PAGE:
After six weeks we start Saturday morning at two a.m. through the icefalls. The last two weeks have been painful waiting for a doctor to say I am good to continue, waiting for ropes to be fixed, ox to be positioned on the mountain, and a good weather window, which we still don’t have. We have had a lot of snow since we were in high camps three weeks ago and that is a good thing. The steep face with black ice makes it hard on your feet to kick in crampons. Snow gives you steps and allows your crampons to dig in, plus there were people hit by falling rocks, which the snow sticks to the face and not as much of an issue. It is hard to see the impact the weather will have on us until we get to the high camps and get exposed. The strongest winds we have experienced so far were at base camp.
Thirty-two teams made up of three hundred and thirty climbers and Sherpa started pushing three days ago. Many of these teams were racing to be the first to summit, a title that went to a team of nine Sherpa. Since then, we have seen the headlamps moving through the icefalls at 2 a.m. with about 50 climbers a day starting. When we leave, there will be over half the climbers moving to high camps to wait for a summit push. That gets very tricky on one-rope areas like in the icefall, western cwn. Some of the deep crevasses you repel down one side and climb the other. Lotse faces about a 1,500 ft. ascent on one rope. Summit day has several more of these potential log jams that could possibly end a climb if you wait too long, exposed and get cold.
Our team is split into two groups now due to logistics and not enough tents at the high camps. James, Mike, Paula, and Basia started two days ago and are on a rest day at Camp 2. They were separated in the ice falls due to an overnight fall that the ice doctors had to fix, delaying them four hours of what already was a fourteen to sixteen hour day. Two climbers made it to Camp 2 and two climbers stopped short at Camp 1, joining the team today. Haven’t got the report yet today, but I hear Kaji on the radio with them and now they said this morning one is sick. Group 2 will have me, George, Les, Dan (leader), and Jonas and Franse (Lhotse) will be splitting off at Camp 3 and going to Lhotse summit. Franse, without oxygen, left with Team 1 and made the acclimatization climb to Lhotse Camp 4 and back to Camp 2 today and will join us there in two days.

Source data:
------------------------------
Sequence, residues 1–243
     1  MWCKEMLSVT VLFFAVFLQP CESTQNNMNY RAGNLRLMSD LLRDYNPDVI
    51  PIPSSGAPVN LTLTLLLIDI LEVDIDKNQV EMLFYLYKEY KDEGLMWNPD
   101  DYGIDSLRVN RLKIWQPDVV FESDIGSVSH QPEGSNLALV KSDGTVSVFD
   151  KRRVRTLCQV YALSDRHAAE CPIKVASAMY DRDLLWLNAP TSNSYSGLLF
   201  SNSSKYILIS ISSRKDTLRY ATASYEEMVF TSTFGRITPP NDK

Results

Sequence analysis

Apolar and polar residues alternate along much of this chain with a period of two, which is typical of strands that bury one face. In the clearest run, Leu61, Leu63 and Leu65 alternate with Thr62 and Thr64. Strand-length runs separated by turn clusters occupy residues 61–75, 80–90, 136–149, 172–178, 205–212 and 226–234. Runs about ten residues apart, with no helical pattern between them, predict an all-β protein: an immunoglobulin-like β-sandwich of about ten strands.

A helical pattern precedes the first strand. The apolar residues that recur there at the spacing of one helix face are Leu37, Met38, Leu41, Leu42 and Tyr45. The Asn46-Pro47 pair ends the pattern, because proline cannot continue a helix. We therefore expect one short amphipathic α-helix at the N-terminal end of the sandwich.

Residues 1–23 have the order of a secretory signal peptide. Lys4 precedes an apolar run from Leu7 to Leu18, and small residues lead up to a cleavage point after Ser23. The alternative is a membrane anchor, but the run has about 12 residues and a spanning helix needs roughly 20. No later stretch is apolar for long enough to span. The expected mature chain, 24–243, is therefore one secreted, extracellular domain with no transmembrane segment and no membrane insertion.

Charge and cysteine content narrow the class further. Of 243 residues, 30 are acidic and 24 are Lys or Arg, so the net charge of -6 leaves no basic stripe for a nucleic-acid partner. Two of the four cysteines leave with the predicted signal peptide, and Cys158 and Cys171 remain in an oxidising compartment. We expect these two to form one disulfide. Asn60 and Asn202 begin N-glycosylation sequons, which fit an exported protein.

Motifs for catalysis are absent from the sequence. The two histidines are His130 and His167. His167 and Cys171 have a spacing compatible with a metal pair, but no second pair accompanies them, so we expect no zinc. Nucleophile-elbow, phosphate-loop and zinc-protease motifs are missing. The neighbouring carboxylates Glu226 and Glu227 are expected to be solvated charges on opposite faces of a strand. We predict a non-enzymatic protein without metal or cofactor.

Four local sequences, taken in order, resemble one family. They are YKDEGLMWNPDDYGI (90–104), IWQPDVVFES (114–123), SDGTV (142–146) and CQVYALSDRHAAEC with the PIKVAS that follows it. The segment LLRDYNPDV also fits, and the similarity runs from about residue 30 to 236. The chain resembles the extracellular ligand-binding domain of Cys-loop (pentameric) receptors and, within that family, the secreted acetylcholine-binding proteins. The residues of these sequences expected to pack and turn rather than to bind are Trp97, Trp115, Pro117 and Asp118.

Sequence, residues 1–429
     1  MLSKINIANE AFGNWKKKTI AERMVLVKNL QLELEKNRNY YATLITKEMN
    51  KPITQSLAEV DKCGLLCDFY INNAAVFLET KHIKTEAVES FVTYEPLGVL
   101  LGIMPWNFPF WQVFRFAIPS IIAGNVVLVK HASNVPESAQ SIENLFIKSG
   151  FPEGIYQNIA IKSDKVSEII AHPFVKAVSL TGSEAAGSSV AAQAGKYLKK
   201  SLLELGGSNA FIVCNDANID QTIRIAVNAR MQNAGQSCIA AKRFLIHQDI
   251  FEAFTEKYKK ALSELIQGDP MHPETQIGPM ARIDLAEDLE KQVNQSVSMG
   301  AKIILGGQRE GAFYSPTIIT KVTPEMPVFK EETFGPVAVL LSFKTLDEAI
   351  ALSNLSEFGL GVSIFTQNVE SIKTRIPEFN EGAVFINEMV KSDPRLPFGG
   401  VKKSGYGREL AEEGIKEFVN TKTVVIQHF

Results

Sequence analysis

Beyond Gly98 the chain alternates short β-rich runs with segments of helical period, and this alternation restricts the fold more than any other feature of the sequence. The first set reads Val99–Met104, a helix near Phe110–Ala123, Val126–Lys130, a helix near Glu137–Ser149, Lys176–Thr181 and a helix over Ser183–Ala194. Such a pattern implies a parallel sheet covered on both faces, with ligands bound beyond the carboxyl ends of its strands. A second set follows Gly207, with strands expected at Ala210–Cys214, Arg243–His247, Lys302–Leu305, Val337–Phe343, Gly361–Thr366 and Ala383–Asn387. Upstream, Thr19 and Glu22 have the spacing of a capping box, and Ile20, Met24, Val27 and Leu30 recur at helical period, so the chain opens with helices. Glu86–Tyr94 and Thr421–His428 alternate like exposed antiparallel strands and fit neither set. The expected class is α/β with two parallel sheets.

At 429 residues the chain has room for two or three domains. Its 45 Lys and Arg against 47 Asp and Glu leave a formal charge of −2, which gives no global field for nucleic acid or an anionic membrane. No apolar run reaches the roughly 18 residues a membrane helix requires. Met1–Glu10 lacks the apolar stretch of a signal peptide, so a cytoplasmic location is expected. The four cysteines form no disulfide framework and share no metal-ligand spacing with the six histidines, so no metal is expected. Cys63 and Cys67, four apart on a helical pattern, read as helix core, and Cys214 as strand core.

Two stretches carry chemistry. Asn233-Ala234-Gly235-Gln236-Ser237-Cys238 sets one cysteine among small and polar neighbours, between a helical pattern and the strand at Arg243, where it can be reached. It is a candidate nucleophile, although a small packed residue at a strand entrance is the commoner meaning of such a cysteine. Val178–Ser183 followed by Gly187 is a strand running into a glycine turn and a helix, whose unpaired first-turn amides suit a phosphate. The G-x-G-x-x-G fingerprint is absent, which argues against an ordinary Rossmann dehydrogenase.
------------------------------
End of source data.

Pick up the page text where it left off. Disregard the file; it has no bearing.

My first challenge will be making it to Camp 2 on Day 1. It will be a 4000 ft. vertical elevation change that took me sixteen hours over two days the first time through. If I make it, I will meet up with my down suit and -40 degree bag I left there three weeks ago. I will be with a Sherpa all of the time. His name is Tenzdu. He climbed with me on first push, and was with me when I started having problems in the icefalls. While I was away at lower altitude eating pizza and cake, he was making trips to high camp carrying supplies and fixing ropes and tents. When I saw him, he was noticeably thinner. I have also lost a lot of weight unfortunately, including muscle mass. My arms look like an old man’s arms, and my belt is 4 inches shorter than when I started. Just fighting the cold burns calories, and we eat mostly carbs and sugar, and consume very little protein. It will give me something to work on when I get home. Day 2 is a rest day from our trip from Camp 1, Day 3 we move to Camp 3 and will be on oxygen until we come down, Day 4 we move to Camp 4, Day 5 rest until 9 p.m., when our summit attempt starts – twelve to sixteen hours up and six hours back to Camp 4 where we spend another night. Day 6 then in two big days go from Camp 4 to Camp 2 and then two more days down to base camp. In total we should be back in base camp in eight days, barring any delays due to bad weather. I am anxious, wanting to get started so I can get home. It has been very hard sitting around waiting the last two weeks. Other than the climb back to camp, I have done very little. Not sure how my lungs or my legs will hold up to eight hard days ahead.
My final doctor’s appointment was today and she asked me to go up. She said if I have any shortness of breath, trouble sleeping, or loss of appetite to come down. Unfortunately, if you ask anyone who ascends 4,000 ft. in one day they will have all three symptoms. She agreed it should be easier now that I am acclimatized and now that I know what HAPE feels like I will be on the lookout for that also. I forgot when I was trying to get down from Camp 2 that a helicopter landed and Mike from our team went to ask if I could get a ride down to the ER. The helicopter was transporting Allen Arnett, one of Everest’s biggest bloggers suffering with HAPE. He told us no, that he wanted to ride down by himself. He returned to Denver and is still blogging about Everest stuff. He probably won’t add this story to his blog. I walked thru the ice falls for twelve hours to the ER, and was diagnosed with the same ailment
The Sherpa call me Baji, which means old man in a respectful way (I think). I look like an old man in Africa on Kilimanjaro where they called me Baboo – Swahili for grandpa. The Sherpa want me to make it to the top and will do everything they can to make sure it happens. They can’t control the weather or my health; so many things are outside everyone’s control. I just know I feel good and am ready to start.
I will be dark for the eight days of the push, then the logistics of getting home so I will probably not send another message until the long flight home. Then, I can send photos and tell the ending. Thanks again for everyone’s support and the late night emails of encouragement. Till my next message, I’m just trying to stay warm.